PMI Africa Presentation 2015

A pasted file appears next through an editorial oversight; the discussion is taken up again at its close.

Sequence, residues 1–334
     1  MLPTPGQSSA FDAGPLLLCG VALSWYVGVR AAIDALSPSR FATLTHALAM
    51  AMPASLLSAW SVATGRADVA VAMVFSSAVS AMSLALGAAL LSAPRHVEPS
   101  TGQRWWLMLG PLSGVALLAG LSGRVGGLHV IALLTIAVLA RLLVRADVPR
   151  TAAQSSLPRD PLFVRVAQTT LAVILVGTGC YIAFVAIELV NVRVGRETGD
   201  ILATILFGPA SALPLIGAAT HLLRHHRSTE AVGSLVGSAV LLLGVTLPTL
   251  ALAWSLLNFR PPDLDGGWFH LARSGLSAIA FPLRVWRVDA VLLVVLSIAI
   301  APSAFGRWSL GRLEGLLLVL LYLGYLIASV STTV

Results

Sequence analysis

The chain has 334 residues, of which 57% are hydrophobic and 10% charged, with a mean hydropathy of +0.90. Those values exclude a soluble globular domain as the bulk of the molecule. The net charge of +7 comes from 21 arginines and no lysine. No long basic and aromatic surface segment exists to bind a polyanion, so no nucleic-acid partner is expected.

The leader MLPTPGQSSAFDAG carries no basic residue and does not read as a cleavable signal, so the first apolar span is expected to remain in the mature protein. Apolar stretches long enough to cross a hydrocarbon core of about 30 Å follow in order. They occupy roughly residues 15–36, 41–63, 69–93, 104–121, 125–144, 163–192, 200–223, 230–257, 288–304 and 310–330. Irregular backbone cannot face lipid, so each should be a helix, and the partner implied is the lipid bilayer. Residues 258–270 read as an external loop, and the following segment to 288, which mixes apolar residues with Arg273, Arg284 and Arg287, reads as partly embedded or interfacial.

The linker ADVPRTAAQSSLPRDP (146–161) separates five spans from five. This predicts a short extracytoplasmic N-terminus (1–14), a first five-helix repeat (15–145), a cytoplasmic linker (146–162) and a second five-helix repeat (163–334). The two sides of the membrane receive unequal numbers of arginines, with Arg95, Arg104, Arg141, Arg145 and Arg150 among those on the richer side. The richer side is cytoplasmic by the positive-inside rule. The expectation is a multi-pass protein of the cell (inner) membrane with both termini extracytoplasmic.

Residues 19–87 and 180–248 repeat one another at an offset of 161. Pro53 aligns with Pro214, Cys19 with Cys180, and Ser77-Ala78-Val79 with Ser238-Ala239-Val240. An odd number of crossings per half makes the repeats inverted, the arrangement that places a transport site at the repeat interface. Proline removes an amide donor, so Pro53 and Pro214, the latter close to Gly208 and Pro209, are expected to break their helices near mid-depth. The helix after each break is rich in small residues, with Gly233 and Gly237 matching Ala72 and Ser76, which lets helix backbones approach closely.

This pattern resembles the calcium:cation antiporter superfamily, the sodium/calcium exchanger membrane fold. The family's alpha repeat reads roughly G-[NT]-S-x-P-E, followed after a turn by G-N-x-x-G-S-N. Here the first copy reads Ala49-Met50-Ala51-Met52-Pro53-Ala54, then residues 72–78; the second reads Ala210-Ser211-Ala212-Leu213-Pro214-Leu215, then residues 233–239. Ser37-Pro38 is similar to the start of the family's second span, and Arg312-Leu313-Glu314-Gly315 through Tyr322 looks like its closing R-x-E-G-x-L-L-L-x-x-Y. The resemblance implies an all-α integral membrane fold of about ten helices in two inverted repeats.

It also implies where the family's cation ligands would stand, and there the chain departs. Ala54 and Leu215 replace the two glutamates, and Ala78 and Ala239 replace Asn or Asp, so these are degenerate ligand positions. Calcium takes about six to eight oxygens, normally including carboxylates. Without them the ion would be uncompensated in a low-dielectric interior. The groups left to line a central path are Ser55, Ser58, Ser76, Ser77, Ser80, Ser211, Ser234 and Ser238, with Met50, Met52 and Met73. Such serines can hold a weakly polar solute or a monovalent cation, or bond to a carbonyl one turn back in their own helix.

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PowerPoint PresentationTITLE IN CAPITAL LETTERSPMI AFRICA CONFERENCE 2015VIVIENNE OGBONNAHi, my name is vivienne ogbonna. A little about myself..I am a registered architect with the Nigerian Institute of Architects, I am also a Project management and Risk management Professional with a prince 2 certification. I also have a professional diploma in procurement. However, i have worked as a project manager with the Central bank of Nigeria for the past 11years. Prior to that I worked in the private sector, construction, Interior and consultancy. It is from this wealth of experience that I wish to share some thoughts with you on value creation and delivery on building construction projects. A bulk of the material utilized in this presentation is based on findings from an original research conducted, with emperical data obtained from interviews with project management practitioners and academicians. This paper aims to put across a few innovative thoughts on value delivery as it applies to construction projects. Value delivery and creation are not new concepts in service delivery however the application in construction has seemed illusive due to the different perceptions of the diverse professionals in industry. With a highly disintegrated value chain, delivering consistent value has since been a mirage due to this lack of sync in industry. The most compelling literature on value creation I have come across recently was by Brady who questioned if integrated systems could be adopted in construction projects, where he concluded that this would remain a mirage if the fragmented and complex nature was not addressed. This paper therefore seeks to expose innovative ways which value can be holistically created and delivered in construction projects by applying best practices in service delivery logic.1Road mapWhy Study Value (with case studies)Meaning and Dimensions of ValueStakeholder Value PerceptionValue and the Construction Life cycleThe Research, Findings and AnalysisRecommended SolutionsImplications and ConclusionsPMI AFRICA CONFERENCE 20152Why Study Value.PMI AFRICA CONFERENCE 2015Projects are Temporary Endeavors with a defined Beginning and End undertaken to meet Unique Goals and Objectives usually to bring about Beneficial Change or Added ValueThe role of building construction in a nations economy cannot be over emphasized. It accounts for 10% of the wealth generated yearly in advanced countries and 20% in industrialized countries inclusive of its supply chain Further, approximately 50% of all capital investments of assets in countries is spent on construction, thus making it expedient for projects to be effectively and efficiently constructed and maintained to deliver value and benefits as well as to avoid waste of scarce resources. In Africa, with a population of 1.1 billion which is about 10% of the world population and a GDP of $2.39 billion as at 2013, achieving project success has been somewhat of a mirage in the construction industry. There is a high spate of abandoned projects, issues with poor housing inadequate road network, poor infrastructure and inability of the construction workforce to come up with innovative and holistic solutions to this challenges. Also, with rising awareness of genuine concepts and concerns like the sustainability, resilience, depletion of the ozone layer, green architecture and reduction of carbon footprints, delivering value in construction is critical to adequately capture these through the delivery of value along the project life cycle. In view of this, construction must depart and go beyond delivering product delivery to that of providing a total parcel of offerings which holistically meet the desired expectations of key stakeholders to a very large extent. It was in light of this that the call for other yardstick for delivering value in projects was pressed for both by the EPRSC and CIB for the adoption of the 10Cs in ensuring the value creation and delivery in projects.3Why Study Value.Case Study 1PMI AFRICA CONFERENCE 2015Boys Academy in Northern NigeriaA fundamental concern for others in our individual and community lives would go a long way in making the world the better place we so passionately dreamt of. Nelson Rolihlahla Mandela, (July 1918 5 December 2013)Value therefore is only obtained when the right buildings which are affordable, productive, easy to use, maintain or operate as well as sustainable are delivered (Dallas, 2006). As part of its corporate social responsibility, The Bank intervenes in real sector projects. This boys academy in the northern part of Nigeria is one of such Projects. The beneficiaries required amongst other things , the renovation of the classrooms and hostels. This was one of the few projects which was largely completed to time cost and quality however, shortly after the renovation works were completed and before commissioning, the roof of several classrooms were observed to have become discolored and were sagging. It was discovered that the young men had taken to cooking stolen chicken within the confines of the roof. Humorous and disturbing as that was when you consider the risk of fire, it beggars the question of appropriate and comprehensive stakeholder engagement and requirement solicitation, fit for purpose as against fit for use. Ultimately of what value was the end product if it couldnt envisage and accommodate the excentricits of the end users4Meaning and Dimension of ValuePMI AFRICA CONFERENCE 2015Value means different things to different people (Miles, 1972).Creation of new value is two dimensional, beginning with the actual design and construction of the asset itself and resulting in the production of the asset that is exploited as a medium for an organisation to create is own value (Spencer and Winch, 2002).a measure of the worth of something to its owners or any other person, who derives benefit from it, this being the amount which it can be exchanged(Carmona, 2001).The Construction industry has been dominated by the objective view of value creation expressed through adoption of quantitative methods of creating and delivering value, known as value management and value engineering (value analysis) These methods are used to achieve balance between satisfaction of customer expectations and the resources expended to achieve that satisfaction, also known as Value for Money (VFM) or the value ratio. Value is created when a series of planned interventions is applied to an on-going process and is effective in meeting the stakeholders expectations or needs The implication therefore is; for value to be created in Construction projects they must reflect long term business needs of sponsoring organisation by delivering expected benefits efficiently and economically. Value therefore is only obtained when the right buildings which are affordable, productive, easy to use, maintain or operate as well as sustainable are deliveredThese current subjective measures create a difficulty of expectation as value is defined based on purpose, intent and viewpoint of each stakeholder, as illustrated in the definition by (Miles, 1972) stating that:Value means different things to different people , My all time favorite where he adequately captures the dual sides of Value tangible or quantitative and intangible Qualitative. In the construction industry which is heavily fragmented with different specialist handling diverse aspects, consistent and incremental value delivery along the chain would ensure all stakeholders expectations are captured, and there is no room for speculation.5Stakeholders Value PerceptionPMI AFRICA CONFERENCE 2015Original sketches by Dave TaylorpurposeintentviewpointSubjective valueThis slide adequately captures the various perceptions of stakeholders in industry and the value they deliver. All the client wanted was a simple tree Fragmentation in industry allows for major hostilities With each actor angling for the star role. In Nigeria for instance, It has always been a battle between the quantity surveyors and the architects, cost before design r design before cost. Whatever the case consideration of each stakeholders WIIFM Must be taken into consideration to avoid getting a product unfit for purpose. This difference perceptions impact meaning and subsequently behaviour of stakeholders (Walker, 2007). For instance in industry the sentience of the various professionals creates strong allegiances which compel them to respond to projects requirements differently. Factors which dictate stakeholder values could be motivation, whats in it for me (WIIFM), self-actualization or other factors in line with Maslows hierarchy of needs. Stakeholder perception could be varied and conflicting, and has to be properly managed to ensure a correct meaning is translated to requirements and subsequently solutions 6Value and the Construction Life CyclePMI AFRICA CONFERENCE 2015A Break in the involvement of critical stakeholders at any point creates loss of hard and soft aspects of value. The range of input of each stakeholder might enable successful outputs but does not ensure positive outcomes!!!Lets consider a typical product life cycle, cradle to grave for holistic solutions thats the way to go really. The involvement of major key stakeholders and service providers as it obtains in mostProcurement methods commences and terminates at certain points thus reducing the opportunity for valuable contributions by all parties, many of whom desire to make an impact beyond their designated responsibility. The value stream in the construction Industry is considerably disintegrated as a range of specialized and integrated firms have emerged to compete and cooperate along the value stream as procurement specialists, consultants, contractors, nominated contractors and other service providers, with the Main Contractor focusing more on the provision of services to the final consumer and outsourcing many activities (Davies, 2004).7The ResearchCHALLENGES OF VALUE DELIVERY AND THE SEARCH FOR INNOVATIVE SOLUTIONSPMI AFRICA CONFERENCE 2015Construction projects are executed by clients organisations who engage other organisations to carry out the activities to meet their objectives. These activities are executed by teams comprising different members with diverse expectations. The team composition, project processes and team management is affected by the organisational structure and policies of the key stakeholder organisations. All these in effect introduce more complexity into the process, which if properly managed will positively impact the delivery of project value. Value is created when benefits are realized and utilized by the clients customers and other stakeholders. Organizations achieve this by providing innovative solutions for their internal or external clients as well as other stakeholders, by utilizing the best mix of resources to attain overall project success.In view of this, an investigation is required to understanding the challenges encountered by project management practitioners in delivering value in industry. This is with a view to identifying the major factors which constitute barriers to value creation so as to formulate a framework which can effectively manage them to ensure project overall success.This research project therefore utilises a phenomenological approach to solicit and analysis meanings of value creation experiences from project management practitioners in industry, through semi structured and focused group interviews. The results are examined in relation to their impact on project success, with a view to recommending solutions which would form a rationale for an integrated value proposition (IVP) The research was a qualitative study adopting a philosophical stance based on the ontological construct of idealism which on Idealism which asserts that reality is knowledgeable through the human mind and socially constructed meanings addresses questions on nature of reality, denoting that reality is formulated from the minds of participants in a study, and not out there (Ritchie and Lewis, 2003, Creswell and Creswell, 2007).8The Research FindingsPMI AFRICA CONFERENCE 2015The research was a phenomenological one using empirical data solicited from Industry practitioners through open ended Interviews, which was analysed using the Nvivo Software. First we aimed to identify what value And delivery meant to the respondents and Later what the challenges were in delivering This value identified alongside their perceived SolutionsAs identified by the literature, there is no one definition of success; the research findings indicate that perception of success is influenced by respondents expectation. Stakeholders have perceptions of value based on their knowledge, goals and context (Kelly et al., 2004), Interviewee responses were further broken down by percentage in figure 6.3 below. While 100% of respondents placed emphasis on achievement of success by outputs meeting strategic business objective, 80% attribute success to the product being completed to time cost and quality, 40% define success as creating a product which gives value for money and 60% attribute it to yield of intangible value. This is reflected in the major descriptions of success which include: A product which possess intangible value and An outcome which meets the strategic business objective of the client or sponsor, A product which is completed to the triple constraint of time cost and quality ,An output which give value for money.This confirms the assumption that the perception of success in industry transcended the triple constraint as proposed by literary scholars (Atkinson, 1999)9Research FindingsPMI AFRICA CONFERENCE 2015Percentage responses on value challenges based on codes.Analysis of the challenges experienced by respondent in creating value throughout the project life was categorisation into four major themes or factors with different emphasis of Stakeholder factors, Value creation process factors, Organisational factors and External factors as illustrated above. While Value Creation process and Stakeholder issues seem to dominate the barriers to value creation, external factors presents the least challenges, this is probably because the challenge is already defined and sometimes known before the project, as in the case of building regulations which should be complied with.10Research FindingsOrganisational IssuesPMI AFRICA CONFERENCE 2015Organisational factors were considered as barriers as they describe the conflict between the project organisation and the individual organisations represented in the construction process. This conflict could be explained by the friction which exists between the permanent state of the organisations and the temporary state of projects as highlighted by Walker (2007) and which is further emphasized by Organisational PolicyThe stakeholders representing different organisations, possess different cultures and mind-sets(Walker, 2007) professional cultures, thus introducing conflict, different levels of knowledge Change in Service ProvidersThe penchant for industry is to further fragment deployment of services between providers, as exemplified in division between designers, and builders The impact of this change on the project is loss of time as well as knowledge Procurement MethodThree main issues where identified with the procurement method; Continuous insistence with adopting traditional methods (Winch, 2003) which results in focus on outputs or products to time cost and quality (Cookes and Williams, 2009), while negating involvement of the contractor at pre contract and post commissioning, More contemporary solutions adopted to address these issues are public private partnership (PPP) for public buildings or the public finance initiative (PFI) (Winch, 2010). Other initiatives identified by the research include the NEC, Build Operate and transfer (BOT) or the turn key projects. While these methods seek to ensure shared risk and profit proportionally amongst stakeholders, the demerit is that the involvement of the contractor beyond the defect liability period, it is usually at a premium.11Research FindingsExternal FactorsPMI AFRICA CONFERENCE 2015CONTRACTORS PMVALUE MANAGERCLIENT PMVALUE AND RISK MANAGERCONSULTANT PMThe main external issues identified as affecting the creation of value in industry were Influence of External stakeholders, Market pressureEconomic Pressure Theexternalstakeholdersidentifiedwereplanning authoritiesand political stake-holders whose influence is sometimes largely beyond the control of the project managers and domiciled with the client. The influences, for instance of building regulations oran environmentalimpactanalysis (EIA), affect the building structure (outputs). However, the effect is added value in the project, with a beneficial outcome for the larger community (Sadeh et al., 2000; Barrett, 2005), bringing for instance factors like sustainability. . However the length of time it takes for the authorities to, for instance, process planning permits as well as approve designs and obtain planning approvals, introduces severe time constraints on the process.12Research FindingsValue Creation ProcessesPMI AFRICA CONFERENCE 2015Value is created using a combination of project management processes and procedures; some identified during the study include risk management, value management and engineering, change management, project and program management and requirement management. The researchdid not explicitly investigatethemethodologies adopted in practice as it was erroneously assumed only value management studies were done. The semi-structured interview however clarified otherwise; indicating that several methods are adopted in ensuring value is created in industry.Nevertheless, research showed that unfamiliarity and ignorance with these processes poses a problem with adopting them to create value in projects. Project management processes ensure that the right techniques are applied to obtain required results. Other issues associated with this factor include sources of fund, inadequate planning, non- integration of project management plans, poor management and facilitation of the project process, for instance non engagement of key users resulting in proffering of solutions which do not yield real business benefits (William and Parr, 2004), poor transition of project phases, resource constraint, scope and change management, unclear objectives, unforeseen technical issue.13Research FindingsStakeholder FactorsPMI AFRICA CONFERENCE 2015CONSULTANT PMCONTRACTORS PMCLIENT PMManaging people was identified as one of the biggest issues in creating value in industry, especially in one that is not only highly fragmented but also the largest employer of small scale businesses with diverse specialities. The human factor is critical as people, not processes are the key resource to delivering projects (Macintyre et al., 2011; Cooke-Davies, 2002). The number of interfaces which exist between the stakeholders involved in value, benefits and satisfaction decisions (Kelly, 2006) all have an impact on the creation of value. People come into the process with diverse and unpredictable expectations, which should be managed to prevent scuttling the entire project or program. The stakeholders in industry are at different hierarchies and powers levels, which are not necessarily matched (Kelly et al., 2004). Failure to identify the roles and influence of these stakeholders could have a negative impact the project. Other complicated traits identified during the research but not spotted in the literature reviewed include bias, pride, and conflict.A distinct challenge identified by one of the respondents was that of value judgements, which informed stakeholders definition of project success and as such drove their actions. Conflict which might arise as a result of these differing value judgements can be addressed by first ensuring the joint production of a brief (Chinyio, 2007) which adequately communicates the clients ethos to the rest of the team. The issue with this scenario is that solutions which have been argued on between consultants and clients may be radically challenged by the contractor (who was not engaged at the briefing stage), but who could possess a better and more cost effective solution than the one agreed upon 14Case Study 2PMI AFRICA CONFERENCE 2015Church Guest House collapseORGANISATIONALFACTORSVALUE PROCESSFACTORSEXTERNALFACTORSSTAKEHOLDERFACTORSThis collapse of this building made the history pages on the dark day of September 12th 2014 in which a total of 116 deceased our hearts and prayers goes to the families that lost their loved ones in the tragedy, but there are lessons which we can draw from this for posterity. The inquest and coroners verdict of October identified the lack of structural errors in the foundation failure based on bad detailing and poor structural designs as the main cause of the collapse. Further construction of the building was well under way before approval was sought. Indeed at the time of the inquest there was no approval for the building. The contractor was also to be charged for criminal negligence for supervision without relevant approvals of the designsTo prevent future occurrence, Komolafe further recommended that: Individual /organisation must endeavour to obtain relevant building permits before commencement of any building construction; and individual/organisation must engage the services of qualified and competent engineers/consultant in carrying out building constructions.Also, the court said government agencies responsible for monitoring and inspection at every stage of construction should be alive to their responsibilities. Government agency must be rid of corruption, including issuance of fake receipts and greasing of palms during inspection of construction works on site; Statutory/first responders should be adequately equipped to perform their functions effectively and efficiently.Government should reduce the cost of obtaining necessary building permits/ approval and remove all administrative bottlenecks in order to encourage individual/ organisation go through the due process of obtaining necessary building permits/approval before commencement of building construction(s).15Recommended SolutionsPMI AFRICA CONFERENCE 2015STAKEHOLDER CO-CREATIONLEARNING AND CONTINUOUS KNOWLEDGE TRANSFERALIGN ORGANIZATIONAL CULTURE AND POLICIESEARLY STAKEHOLDER ENGAGEMENTCOLLABORATION FOR OPTIMAL SOLUTIONSADOPT APPROPRIATE INDUSTRY STANDARDSThe first is with the definition of the term user. This refers in a broad sense to the beneficiary who ends up with the output; in the narrow sense however, it refers to all those involved in the value chain who have to make use of each others outputs in creating added value as inputs requisite for the clients customers outcome. This ensures a single continuous chain of focus. For instance the contractor is the secondary user of the architects (output) drawings and the clients customer the primary user of the contractor's out put.Secondly, holistic refers to the capture of the two key dimensions of value creation, tangible (hard, objective) and intangible (soft, subjective).Thirdly, aholistic approach to construction activities addresses the break in value creation activities which occur upstream and downstream in the project life cycle (Barrett, 2005) by forming a project coalition. Therefore this research proposes an integrated project enterprise as a coalition which ensures collaboration between streams of independent activities enabling co-creation, by drawing on the strengths and resources of each of the major stakeholders (Macintyre et al., 2011). However where Macintyre et al. (2011) allude to coalitions as temporary structures, the researcher argues for a state of semi-permanence, which does not necessarily contradict the definition of projects as temporary endeavors with a definite beginning and end (PMI, 2000), as the project enterprise becomes virtual and dormant until further services are required.16eUREKa.or not?PMI AFRICA CONFERENCE 2015Purchase et al. (2011) Macintyre et al., (2011) 17PMI AFRICA CONFERENCE 2015PMI AFRICA CONFERENCE 2015Integrated Value PropositionClient parentConsultantparentContractor parentBeneficiaryparentFormation of Project EnterpriseSemi independent OrganisationHarmonised Objectives and WIIFMEnables Quick decision makingEnsures cradle to grave participationPeculiar policies and proceduresEnsures shared risks and opportunitiesCombination of Individual value driversRegulatorparentFinancier parentFacility Managers parentIntegrated Value PropositionPMI AFRICA CONFERENCE 2015SERVICE PROVIDERSAdopting an integrated project enterprise structure as a form of construction coalition is proposed as an effective way to manage the identified factors which introduce barriers to value creation. This structure would require a temporary break from parent organisations to form an integrated semi-independent entity similar to a joint venture company (JVC) (Barrett, 2005). The resources (men and materials) are contributed by the individual parent companies, but the policies and processes adopted are peculiar to the project.The enterprise structure enables the combination of individual value drivers to co-createbest solutions for clients customer, andmanage activities requisitefor the creation and delivery of both hard and soft dimensions of value, thereby resulting in benefits for all stakeholders. This structure further enables the project manager to plan, synchronize and manage stakeholder requirements based on the project without recourse to parent organisation. Being a symbiotic relationship, this approach further ensures involvement of allstakeholders from cradle to grave, and ensures appropriate distribution of risk and profit (Winch, 2010). Finally it enables the project manager to have limited interference and pressure from parent organisations, set realistic estimates and bestows on him more authority and power to be flexible in decision making and innovatively.Resource Based View (RBV) is a Management strategy in which people are the dominant feature (Boxall and Purcell, 2011). Identifying what is most valuable to Apple and protecting it with barriers to imitation is the heart of RBV. Identifying and harnessing unique competencies result in competitive advantage (WMG OPP Notes, 2012). Resources are seen as either adding strength or a source of weakness of an organization, they could be tangible or intangible and as in the case of Apple could be the brand name, technical expertise of the personnel, trade contacts, procedures and processes (Wernerfelt, 1984). In RBV, Apple must rely on a sustained competitive advantage, which the competition would be unable to imitate (Barney 2000).19Integrated Value PropositionPMI AFRICA CONFERENCE 2015Delivering ValueAdopting an integrated project enterprise structure as a form of construction coalition is proposed as an effective way to manage the identified factors which introduce barriers to value creation. This structure would require a temporary break from parent organisations to form an integrated semi-independent entity similar to a joint venture company (JVC) (Barrett, 2005). The resources (men and materials) are contributed by the individual parent companies, but the policies and processes adopted are peculiar to the project.The enterprise structure enables the combination of individual value drivers to co-createbest solutions for clients customer, andmanage activities requisitefor the creation and delivery of both hard and soft dimensions of value, thereby resulting in benefits for all stakeholders. This structure further enables the project manager to plan, synchronize and manage stakeholder requirements based on the project without recourse to parent organisation. Being a symbiotic relationship, this approach further ensures involvement of allstakeholders from cradle to grave, and ensures appropriate distribution of risk and profit (Winch, 2010). Finally it enables the project manager to have limited interference and pressure from parent organisations, set realistic estimates and bestows on him more authority and power to be flexible in decision making and innovatively.Resource Based View (RBV) is a Management strategy in which people are the dominant feature (Boxall and Purcell, 2011). Identifying what is most valuable to Apple and protecting it with barriers to imitation is the heart of RBV. Identifying and harnessing unique competencies result in competitive advantage (WMG OPP Notes, 2012). Resources are seen as either adding strength or a source of weakness of an organization, they could be tangible or intangible and as in the case of Apple could be the brand name, technical expertise of the personnel, trade contacts, procedures and processes (Wernerfelt, 1984). In RBV, Apple must rely on a sustained competitive advantage, which the competition would be unable to imitate (Barney 2000).20ImplicationsPMI AFRICA CONFERENCE 201521PMI AFRICA CONFERENCE 2015Ensures involvement of all stakeholders in value co-creation, forging trust and Project ownership.Focus remains on customer centric solutions, focus on impact of outcomes not output. It promotes skills transfer, knowledge sharing and learning amongst team members.It ensures benefits for all, for instance retention of services, assurance of future engagement and cost savings (discounts) by the client due to continuous engagement.Engagementof delivery team throughout the project life span. Holistic identification and management of risks through the value chain.Knowledge generated is siloed in the project but also shared and exported to parent organisationlearning is ensured and encouraged due to the sense of permanence that pervades the enterprise.The team continues to operate virtually to renders post commissioning services, for instance monitoring of customers value-inuse, post-delivery.PMI AFRICA CONFERENCE 2015ImplicationsA Last Word.PMI AFRICA CONFERENCE 2015Every one on earth spoke with one voice..co-creation, and worked together .collaboration. Imagine what would have happened Without divine intervention!The story of the city of Babel is recorded in Genesis 11:19. Everyone on earth spoke the same language. As people migrated from the east, they settled in the land of Shinar. People there sought to make bricks and build a city and a tower with its top in the sky, to make a name for themselves, so that they not be scattered over the world. God came down to look at the city and tower, and remarked that as one people with one language, nothing that they sought would be out of their reach. God went down and confounded their speech, so that they could not understand each other, and scattered them over the face of the earth, and they stopped building the city. Thus the city was called Babel. As it appears in the King James version of the Bible: The spoke with one voice.co-creation, and worked together collaboration. Imagine what would have happened without a divine intervention!23CreditsAJAM, M. & BAUWMANS, L. 2012. Four Dimensions of measuring Project Success. http://ipms.sukad.com/PM-blog-English/bid/116142/Four-dimensions-for-Measuring-project-success [Online].ATKINSON, R. 1999. Project management: cost, time and quality, two best guesses and a phenomenon, its time to accept other success criteria. International journal of project management, 17, 337-342.BARRETT, P. 2005. Revaluing construction: a global CIB agenda. International Council for Research and Innovation in Building and Construction (CIB), Rotterdam, the Netherlands.BRADY, T., DAVIES, A. & GANN, D. 2005a. Can integrated solutions business models work in construction? Building Research & Information, 33, 571-579.DAINTY, A. 2007. Achieving value through product-service integration: contexts and challenges. CIB Priority Theme-Revaluing Construction: A W065 Organisation and Management of Construction Perspective, 45.FROW, P. & PAYNE, A. 2011. A stakeholder perspective of the value proposition concept. European Journal of Marketing, 45, 223-240.LANGFORD, D. 2007. Revaluing ConstructionHard and Soft Values. Sexton, M. et al.MACINTYRE, M., PARRY, G. & ANGELIS, J. 2011. Service design and delivery, New York ; London, Springer.OGC 2010. Management of Value MOVTM., London, TSO.THOMSON, D. 2011. A pilot study of client complexity, emergent requirements and stakeholder perceptions of project success. Construction Management and Economics, 29, 69-82.THOMSON, D. S., AUSTIN, S. A., MILLS, G. R. & DEVINE-WRIGHT, H. 2003b. Addressing the subjective view of value delivery.VARGO, S. L., MAGLIO, P. P. & AKAKA, M. A. 2008. On value and value co-creation: A service systems and service logic perspective. European management journal, 26, 145-152.WINCH, G. M. 2010. Managing construction projects, Wiley-Blackwell.PMI AFRICA CONFERENCE 201524